That is what tolerance is about. That is what defines the difference between action and belief. Being open-minded isn’t going “Hell yes, let’s bathe the cat and paint his toes!” just because someone else believes it’s a good idea. Being open-minded is going, “Hey, let’s see how this belief might play out… yeah, you keep on believing that, but let’s not actually act on that, okay?” Being open-minded is accepting that other people believe that cats should be bathed and polished. It’s not going along with feline spa day just because it corresponds with someone’s belief.

And when you have two conflicting beliefs that have led to two conflicting paths of action, it is up to us as civilized human beings to look at those two paths with open minds, and to judge each one based on a very simple criterion: Is this action harmful to someone else? And if the answer to that is yes, then that is the wrong path. Not based on belief, or religion, but on compassion for our fellow human beings, and what should be a collective desire to do less harm than good. When you are causing damage to someone’s person, their ability to feel happiness, their ability to enjoy life, or their ability to embrace the same civil privileges you have, and you are doing so based on your personal belief, you are harming them, and that is wrong.

*Bea Arthur would never really do that, I don’t think.

Half-assed Elegy

Published October 8, 2014 by April Fox

Shy at first,
(the way you are when you begin to realize
that your invisible friends
and Santa Claus
aren’t real
but you make your lists and set out
extra teacups
anyway)
I was hesitant to speak
mumbled out into the dark
and empty room
the echo I imagined
shut me up and turned
to live-to-dead telepathy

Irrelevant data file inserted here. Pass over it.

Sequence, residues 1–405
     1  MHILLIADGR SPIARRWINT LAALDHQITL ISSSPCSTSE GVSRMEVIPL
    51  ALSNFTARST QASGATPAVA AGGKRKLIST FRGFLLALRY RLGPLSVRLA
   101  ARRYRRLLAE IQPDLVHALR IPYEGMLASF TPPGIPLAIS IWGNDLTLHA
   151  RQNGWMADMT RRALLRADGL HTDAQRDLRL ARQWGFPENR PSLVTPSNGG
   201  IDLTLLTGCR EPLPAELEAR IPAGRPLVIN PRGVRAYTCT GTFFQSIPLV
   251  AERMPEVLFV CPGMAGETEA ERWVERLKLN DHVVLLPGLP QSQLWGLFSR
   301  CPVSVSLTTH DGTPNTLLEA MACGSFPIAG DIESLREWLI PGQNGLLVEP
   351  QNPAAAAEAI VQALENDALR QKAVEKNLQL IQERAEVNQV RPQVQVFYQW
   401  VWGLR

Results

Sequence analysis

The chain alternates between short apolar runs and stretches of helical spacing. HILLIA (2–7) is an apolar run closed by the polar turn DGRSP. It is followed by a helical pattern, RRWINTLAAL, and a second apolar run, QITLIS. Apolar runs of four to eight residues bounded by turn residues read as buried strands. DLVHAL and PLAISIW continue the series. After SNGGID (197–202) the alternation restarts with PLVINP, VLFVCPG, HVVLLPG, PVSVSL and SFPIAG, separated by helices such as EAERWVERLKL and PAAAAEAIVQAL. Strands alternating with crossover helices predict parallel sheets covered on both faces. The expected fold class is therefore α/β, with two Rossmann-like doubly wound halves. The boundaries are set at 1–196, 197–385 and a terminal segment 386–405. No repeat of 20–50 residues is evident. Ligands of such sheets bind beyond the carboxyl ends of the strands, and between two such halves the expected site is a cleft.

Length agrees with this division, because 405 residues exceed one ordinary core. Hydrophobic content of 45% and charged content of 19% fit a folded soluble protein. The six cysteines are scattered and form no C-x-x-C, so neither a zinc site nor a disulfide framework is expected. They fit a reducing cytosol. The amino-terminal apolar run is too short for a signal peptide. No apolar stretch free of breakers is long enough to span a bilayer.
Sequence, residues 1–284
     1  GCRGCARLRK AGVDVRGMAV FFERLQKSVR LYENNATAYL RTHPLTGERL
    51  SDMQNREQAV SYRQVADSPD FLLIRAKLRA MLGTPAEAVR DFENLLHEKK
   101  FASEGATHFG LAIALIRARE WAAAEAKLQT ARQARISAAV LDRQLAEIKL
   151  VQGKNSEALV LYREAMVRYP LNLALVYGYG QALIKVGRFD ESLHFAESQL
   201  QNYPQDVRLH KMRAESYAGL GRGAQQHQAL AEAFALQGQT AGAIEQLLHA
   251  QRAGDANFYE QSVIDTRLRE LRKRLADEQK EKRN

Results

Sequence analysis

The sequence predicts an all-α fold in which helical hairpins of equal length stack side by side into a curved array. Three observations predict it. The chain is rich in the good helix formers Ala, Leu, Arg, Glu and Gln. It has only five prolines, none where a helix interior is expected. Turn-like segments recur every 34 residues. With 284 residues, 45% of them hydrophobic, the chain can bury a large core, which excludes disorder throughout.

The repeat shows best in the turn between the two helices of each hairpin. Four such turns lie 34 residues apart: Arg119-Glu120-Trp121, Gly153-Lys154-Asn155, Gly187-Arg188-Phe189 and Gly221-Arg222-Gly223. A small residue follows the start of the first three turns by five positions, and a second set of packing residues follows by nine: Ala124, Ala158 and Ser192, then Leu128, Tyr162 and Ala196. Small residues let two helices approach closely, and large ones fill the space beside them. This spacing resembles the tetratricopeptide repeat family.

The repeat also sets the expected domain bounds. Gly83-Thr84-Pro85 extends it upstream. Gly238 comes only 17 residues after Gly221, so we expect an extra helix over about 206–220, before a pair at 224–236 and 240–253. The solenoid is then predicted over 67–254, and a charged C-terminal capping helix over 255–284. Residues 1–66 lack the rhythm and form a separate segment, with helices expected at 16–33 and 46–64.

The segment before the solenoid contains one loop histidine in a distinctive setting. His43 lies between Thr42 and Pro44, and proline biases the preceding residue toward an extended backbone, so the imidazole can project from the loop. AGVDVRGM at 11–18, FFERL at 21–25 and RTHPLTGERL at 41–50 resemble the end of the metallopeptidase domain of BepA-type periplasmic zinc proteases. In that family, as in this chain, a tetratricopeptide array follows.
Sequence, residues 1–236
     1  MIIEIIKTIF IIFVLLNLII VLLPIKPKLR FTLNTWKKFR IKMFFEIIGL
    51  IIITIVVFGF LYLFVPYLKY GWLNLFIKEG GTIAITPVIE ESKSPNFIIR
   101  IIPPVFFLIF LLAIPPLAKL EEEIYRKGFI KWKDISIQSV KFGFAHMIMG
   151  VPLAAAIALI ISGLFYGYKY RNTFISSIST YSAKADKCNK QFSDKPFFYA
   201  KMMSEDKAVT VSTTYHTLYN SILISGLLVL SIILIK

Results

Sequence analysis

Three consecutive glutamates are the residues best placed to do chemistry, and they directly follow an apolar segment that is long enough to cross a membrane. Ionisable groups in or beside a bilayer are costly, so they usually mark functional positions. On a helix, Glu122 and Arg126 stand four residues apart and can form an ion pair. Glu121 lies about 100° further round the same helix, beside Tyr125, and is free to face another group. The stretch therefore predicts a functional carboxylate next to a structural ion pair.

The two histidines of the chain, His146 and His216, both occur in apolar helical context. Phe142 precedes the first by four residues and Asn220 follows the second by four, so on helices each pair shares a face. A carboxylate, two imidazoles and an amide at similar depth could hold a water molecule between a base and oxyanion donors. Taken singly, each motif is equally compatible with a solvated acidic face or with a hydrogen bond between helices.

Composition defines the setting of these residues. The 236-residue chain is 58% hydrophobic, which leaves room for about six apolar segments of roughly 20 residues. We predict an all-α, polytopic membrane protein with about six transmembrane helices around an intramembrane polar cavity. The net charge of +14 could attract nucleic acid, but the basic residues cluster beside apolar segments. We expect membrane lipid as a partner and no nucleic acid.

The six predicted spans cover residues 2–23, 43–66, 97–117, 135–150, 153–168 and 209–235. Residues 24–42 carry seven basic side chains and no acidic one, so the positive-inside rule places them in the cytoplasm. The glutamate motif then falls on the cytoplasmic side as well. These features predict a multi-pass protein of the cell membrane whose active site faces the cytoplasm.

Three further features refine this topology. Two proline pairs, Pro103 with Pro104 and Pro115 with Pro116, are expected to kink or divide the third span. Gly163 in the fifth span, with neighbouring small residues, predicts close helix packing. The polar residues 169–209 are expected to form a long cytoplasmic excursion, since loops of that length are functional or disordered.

thinking pointed thoughts toward the earth, the sky
the universe which sat
petulant
refusing
to respond

I thought perhaps
a translator might help,
dialed 1-800 numbers, spoke with
aging housewives wrapped in tattered terrycloth
chain-smoking cigarettes and lying
that they knew the dear departed

I sought evidence of soul recycling,
a familiar turn to a feline eye
or the cast of a particular note
on the breath of a dying bird
clutched between the jaws
of a tame domestic short-hair

For the hell of it,
(having packed away the tea set
left the stockings and the reindeer food
ashes on the hearth)
I raised my voice in a half-terrible
supplication mimic
asked the one they said would save me
for a sign that they were there

Too busy killing babies
and enchanting football games
the silence soothed me
like a love song

And the ground devoured them.

church.

Published December 10, 2012 by April Fox

you-
face pressed against the breast of your
oppressor
blind eyes rotting out
melt beneath your lids, the muscles
atrophied from lack of use your
voice gone hoarse from screaming
absolution
fear
salvation
-draw your strength from narcissistic weakness
codependent
you are
mental patients
not parishioners.

drink from the cup of the pure
blood dripping, chin wet
and white
feeding life into the floor
beneath your feet

you can’t even breathe
to save your life.

command.

Published September 26, 2012 by April Fox

and then there’s this
conversely
bleak grey screens flashing
disco balls of whatthefuck
screaming
buy me feel me hear me
fuck me
leashed together, shackled minds
stay in step
don’t
fall
out
let the great ones take you down the path to
everything is
a-ok
wash your feet in the bloody lamb, facing east
and pork’s a sin and
you were SAVED from the chance to
acknowledge your sins
give yourselves some credit,
loves
points for creativity
the universe provides for
god’s will and what it doesn’t
you don’t need
even life.
shanti om, hallelujiah
pass the judgment
to your left.
black feet, black teeth, bellies fat with hunger
maggots teeming on the faces of the children in the trash cans
one meal a day and get your head blown off for freedom
to own oil
and half the world
pro
fucking
life,
right?
you, with your signs screaming love’s a sin and
go to hell
which of these poor sad condemned souls
started as a cell
you sanctified?
right hand on your heart you pray
to gaudy demigods
i pledge allegiance
to the state
(craven images, and all-
did you forget?)
you can’t make this shit up.

evangelism

Published April 16, 2012 by April Fox

I was looking through some old stuff, and came across this. I don’t usually like what I write, but I like this one. It’s a little less vitriolic than you’ve come to expect from me on this topic, I think. Anyway, here it is… I hope you like it.